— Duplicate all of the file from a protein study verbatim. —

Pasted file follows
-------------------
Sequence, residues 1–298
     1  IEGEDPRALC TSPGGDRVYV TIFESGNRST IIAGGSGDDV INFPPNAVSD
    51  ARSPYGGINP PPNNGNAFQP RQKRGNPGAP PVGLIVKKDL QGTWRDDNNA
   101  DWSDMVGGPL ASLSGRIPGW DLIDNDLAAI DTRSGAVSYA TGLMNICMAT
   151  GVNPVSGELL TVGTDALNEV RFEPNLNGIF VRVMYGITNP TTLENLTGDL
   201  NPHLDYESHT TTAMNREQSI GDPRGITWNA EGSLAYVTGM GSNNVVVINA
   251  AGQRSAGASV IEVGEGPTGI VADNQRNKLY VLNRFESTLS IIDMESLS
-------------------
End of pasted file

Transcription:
Sequence, residues 1–298
     1  IEGEDPRALC TSPGGDRVYV TIFESGNRST IIAGGSGDDV INFPPNAVSD
    51  ARSPYGGINP PPNNGNAFQP RQKRGNPGAP PVGLIVKKDL QGTWRDDNNA
   101  DWSDMVGGPL ASLSGRIPGW DLIDNDLAAI DTRSGAVSYA TGLMNICMAT
   151  GVNPVSGELL TVGTDALNEV RFEPNLNGIF VRVMYGITNP TTLENLTGDL
   201  NPHLDYESHT TTAMNREQSI GDPRGITWNA EGSLAYVTGM GSNNVVVINA
   251  AGQRSAGASV IEVGEGPTGI VADNQRNKLY VLNRFESTLS IIDMESLS